Sock puppets haven been known to be used for cyberwarfare. For example, sock puppets have been used by governments to search the internet for news that makes them look bad, then to join the conversation disguised “as a regular citizen” in an attempt to manipulate the public opinion to change.
What are your thoughts on sock puppets? Does it make your second guess anyone that you have met on the internet before? Tell me your thoughts in the comments below!
Hacktivism, a reckless or heroic act?
This week’s remediation is based off the film ‘War Games’ which was shown in Ted’s lecture as a representation of the danger of the hacking subculture. The remediation represents the idea of ‘playing’ with very dangerous systems, and how perhaps what might seem as innocuous hacking to one person can be incredibly damaging to another.
It’s important to remember that ‘War Games’ a fictional film. However, it raises the question of what are the moral and legal implication of hacking? This brings us to the concept of ‘Hacktivism,’ a scenario in which a person hacks for social or political means.
Many Hacktivists feel that whilst their actions are illegal, that morally they are doing the right thing for the greater good. Hacktivism has been known to fight for information freedom and to reveal and share information that has been wrongfully kept from the general public.
But do we really have a right to this information, is it right for us to expose a person or organisation like that, and if so where do we draw the line? Let me know your thoughts in the comments below.
Connectivity is an inherent part of the internets nature. It enables us to have instantaneous global access to like-minded people, which is a pretty powerful phenomenon. The internet is dialogic by design, and has proven to be an excellent tool for starting revolutions for this reason.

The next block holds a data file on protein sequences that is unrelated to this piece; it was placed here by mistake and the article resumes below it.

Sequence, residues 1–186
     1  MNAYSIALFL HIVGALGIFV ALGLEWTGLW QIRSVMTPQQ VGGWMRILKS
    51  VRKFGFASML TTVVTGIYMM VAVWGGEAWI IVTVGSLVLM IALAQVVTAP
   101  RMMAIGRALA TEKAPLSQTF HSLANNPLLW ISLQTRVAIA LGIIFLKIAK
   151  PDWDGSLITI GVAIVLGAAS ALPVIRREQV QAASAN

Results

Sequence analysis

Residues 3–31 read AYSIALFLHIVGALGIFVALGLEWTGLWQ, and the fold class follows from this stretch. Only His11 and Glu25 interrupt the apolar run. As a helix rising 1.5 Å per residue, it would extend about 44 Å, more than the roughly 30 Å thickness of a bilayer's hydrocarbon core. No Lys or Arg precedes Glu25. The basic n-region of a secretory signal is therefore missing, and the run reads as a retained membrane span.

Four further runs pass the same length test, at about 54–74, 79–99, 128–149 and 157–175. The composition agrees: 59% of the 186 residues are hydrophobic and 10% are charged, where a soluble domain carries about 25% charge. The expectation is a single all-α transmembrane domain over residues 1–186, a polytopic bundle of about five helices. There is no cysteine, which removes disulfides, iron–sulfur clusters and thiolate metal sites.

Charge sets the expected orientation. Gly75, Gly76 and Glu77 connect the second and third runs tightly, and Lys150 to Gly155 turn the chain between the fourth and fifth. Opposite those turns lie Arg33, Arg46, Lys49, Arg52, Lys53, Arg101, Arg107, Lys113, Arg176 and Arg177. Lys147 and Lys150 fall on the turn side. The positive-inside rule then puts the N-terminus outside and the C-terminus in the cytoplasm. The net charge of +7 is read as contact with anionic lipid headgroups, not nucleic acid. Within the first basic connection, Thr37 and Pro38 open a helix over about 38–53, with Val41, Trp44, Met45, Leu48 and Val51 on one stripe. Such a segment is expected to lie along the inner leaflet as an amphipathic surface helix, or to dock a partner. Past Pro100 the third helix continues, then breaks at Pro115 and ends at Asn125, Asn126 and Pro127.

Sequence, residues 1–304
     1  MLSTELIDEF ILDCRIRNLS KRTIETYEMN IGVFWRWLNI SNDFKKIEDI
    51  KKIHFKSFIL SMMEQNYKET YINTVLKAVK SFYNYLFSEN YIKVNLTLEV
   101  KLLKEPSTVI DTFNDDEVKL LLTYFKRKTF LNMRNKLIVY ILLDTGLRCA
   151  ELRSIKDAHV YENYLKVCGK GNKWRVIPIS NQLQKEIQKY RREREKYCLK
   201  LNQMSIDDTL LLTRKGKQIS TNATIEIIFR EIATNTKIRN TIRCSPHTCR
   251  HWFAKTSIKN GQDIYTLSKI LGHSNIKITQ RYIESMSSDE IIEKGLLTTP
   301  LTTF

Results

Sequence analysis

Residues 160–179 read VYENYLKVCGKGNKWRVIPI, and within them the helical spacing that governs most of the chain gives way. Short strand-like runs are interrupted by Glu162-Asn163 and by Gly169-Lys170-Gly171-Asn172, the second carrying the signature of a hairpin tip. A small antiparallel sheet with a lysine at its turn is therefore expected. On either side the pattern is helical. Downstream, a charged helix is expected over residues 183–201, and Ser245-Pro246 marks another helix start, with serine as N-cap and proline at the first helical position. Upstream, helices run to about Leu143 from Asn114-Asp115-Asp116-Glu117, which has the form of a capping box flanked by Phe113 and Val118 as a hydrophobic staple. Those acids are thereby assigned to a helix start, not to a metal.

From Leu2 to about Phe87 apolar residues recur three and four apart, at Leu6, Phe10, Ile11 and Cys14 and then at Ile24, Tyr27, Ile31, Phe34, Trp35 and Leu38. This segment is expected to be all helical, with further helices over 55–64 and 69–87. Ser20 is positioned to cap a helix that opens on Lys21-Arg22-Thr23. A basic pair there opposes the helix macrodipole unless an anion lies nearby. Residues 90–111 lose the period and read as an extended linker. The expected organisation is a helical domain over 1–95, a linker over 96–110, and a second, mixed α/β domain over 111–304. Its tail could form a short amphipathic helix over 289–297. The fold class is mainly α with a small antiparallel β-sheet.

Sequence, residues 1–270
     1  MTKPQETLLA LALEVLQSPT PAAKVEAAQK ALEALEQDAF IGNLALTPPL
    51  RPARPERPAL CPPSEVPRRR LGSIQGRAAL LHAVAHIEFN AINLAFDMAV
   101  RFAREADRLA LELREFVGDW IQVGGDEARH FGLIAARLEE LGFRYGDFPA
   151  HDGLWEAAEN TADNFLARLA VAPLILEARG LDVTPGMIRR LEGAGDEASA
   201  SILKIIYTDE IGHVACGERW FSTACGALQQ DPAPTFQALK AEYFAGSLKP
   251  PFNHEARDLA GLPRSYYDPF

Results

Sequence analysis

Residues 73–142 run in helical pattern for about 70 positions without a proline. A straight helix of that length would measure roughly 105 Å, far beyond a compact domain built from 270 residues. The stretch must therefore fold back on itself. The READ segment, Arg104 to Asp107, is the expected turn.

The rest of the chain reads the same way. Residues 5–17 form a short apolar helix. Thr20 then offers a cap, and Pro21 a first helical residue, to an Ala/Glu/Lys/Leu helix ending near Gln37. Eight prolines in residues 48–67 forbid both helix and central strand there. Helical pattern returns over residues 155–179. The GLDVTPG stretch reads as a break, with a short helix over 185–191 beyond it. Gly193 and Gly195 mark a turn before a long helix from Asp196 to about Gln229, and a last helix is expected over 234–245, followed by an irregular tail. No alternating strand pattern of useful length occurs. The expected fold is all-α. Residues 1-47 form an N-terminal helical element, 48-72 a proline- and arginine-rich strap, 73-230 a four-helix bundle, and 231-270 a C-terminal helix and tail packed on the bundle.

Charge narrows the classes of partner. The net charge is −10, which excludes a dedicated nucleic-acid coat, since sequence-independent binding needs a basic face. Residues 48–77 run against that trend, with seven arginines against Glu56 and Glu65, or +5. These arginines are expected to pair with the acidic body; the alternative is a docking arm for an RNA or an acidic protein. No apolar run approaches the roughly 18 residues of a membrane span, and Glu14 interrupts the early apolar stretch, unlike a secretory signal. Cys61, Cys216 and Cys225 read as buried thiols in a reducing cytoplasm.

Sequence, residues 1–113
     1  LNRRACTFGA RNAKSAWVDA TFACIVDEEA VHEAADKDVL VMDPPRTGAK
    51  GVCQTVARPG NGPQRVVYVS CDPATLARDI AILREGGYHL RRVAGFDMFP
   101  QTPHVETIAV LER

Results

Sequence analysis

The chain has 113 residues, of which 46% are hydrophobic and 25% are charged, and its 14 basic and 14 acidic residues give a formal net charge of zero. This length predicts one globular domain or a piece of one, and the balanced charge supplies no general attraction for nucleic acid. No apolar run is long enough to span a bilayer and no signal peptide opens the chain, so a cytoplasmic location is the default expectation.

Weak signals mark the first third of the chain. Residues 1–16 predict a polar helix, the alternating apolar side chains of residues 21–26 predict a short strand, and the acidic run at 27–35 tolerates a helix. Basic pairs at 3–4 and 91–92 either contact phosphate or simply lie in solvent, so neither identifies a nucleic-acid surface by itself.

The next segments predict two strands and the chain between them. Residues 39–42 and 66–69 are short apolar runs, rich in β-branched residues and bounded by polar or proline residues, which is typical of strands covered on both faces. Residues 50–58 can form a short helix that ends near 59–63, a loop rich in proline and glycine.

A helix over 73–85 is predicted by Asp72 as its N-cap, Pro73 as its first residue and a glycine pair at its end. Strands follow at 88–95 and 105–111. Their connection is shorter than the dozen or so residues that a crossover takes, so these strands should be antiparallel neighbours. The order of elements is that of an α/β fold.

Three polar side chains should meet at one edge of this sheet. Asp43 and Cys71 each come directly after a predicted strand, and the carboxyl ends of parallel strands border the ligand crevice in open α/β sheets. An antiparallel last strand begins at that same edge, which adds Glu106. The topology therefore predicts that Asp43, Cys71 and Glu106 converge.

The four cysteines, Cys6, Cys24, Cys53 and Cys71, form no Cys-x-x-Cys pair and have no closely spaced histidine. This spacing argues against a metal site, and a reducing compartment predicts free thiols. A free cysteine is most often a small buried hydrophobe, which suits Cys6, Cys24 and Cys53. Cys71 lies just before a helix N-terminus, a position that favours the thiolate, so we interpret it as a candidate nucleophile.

We have seen this in cases such as the Arab Spring, Mena and Maiden. However, as the internet grows older and we all become more experienced in it’s use cracks begin to emerge in it’s use. An article by WIRED which can be accessed here, outlines some of the obstacles in using social media as a revolutionary tool. For example, governments have access to prohibit and block access to connective social media sites such as Facebook and Twitter making it hard to spread messages. Furthermore, governments can also have a hand at spreading misinformation.
In summation, it’s important to remember connectivity gives us power. However, it’s also important to realise that governments and other sources have the power to break that internet connection.
As you all know, for the past 10 weeks I have been working on my Sim photoblog, ‘Sims of EA’ -inspired by ‘Humans of New York.’ Over this semester I’ve had a lot of difficulties with this project, however I have also managed to hit some milestones along the way. For example, I had a follower directly submit a Sim to be featured on the page which was not something that I was expecting to happen at all this semester.
…And I hit 100 followers! Which allowed me to view my demographic insights.
Throughout my struggles of time management skills, story and character development and scouring Reddit and Tumblr for sims to feature I have learned a lot about my audience’s likes and dislikes about the ‘Sims of Ea.’ Here are some of my most valuable learning moments that have helped me develop this project…
#Hashtags are a god sent
An obvious one, but very important! Hashtags give Instagram posts so much traction. They allow your posts to be viewed by so many different accounts which helps connect your content to people who will like it, which therefore allows you to reach a larger audience and gain a following. Through some trial and error I have established my core hashtags which relate to every post, such as #sims #sims4 #thesims #thesims4 #simstagram, along with this I also use a variety of other hashtags which are relevant to the individual posts. [Input: Hashtags. Output: More followers and engagement.]
People don’t necessarily like long text
As I’m using Instagram (a photo heavy platform) for my DA I’ve realised that people don’t necessarily want to read long amounts of text. I’ve discovered that I need to have really captivating images to draw people into my post, and that I need multiple images that tell a story visually to allow for less text. [Input: Engaging photos, less text. Output: More likes, more views.]
…But at the same time they like a story
However, having no story at all wasn’t well received. Finding a happy medium between a short, sweet, yet in depth look of a character/storyline that’s enough to capture the moment and bring some inspiration without being too long and rambly. [Input: Medium length text. Output: More engagement, more likes.]
People like empowerment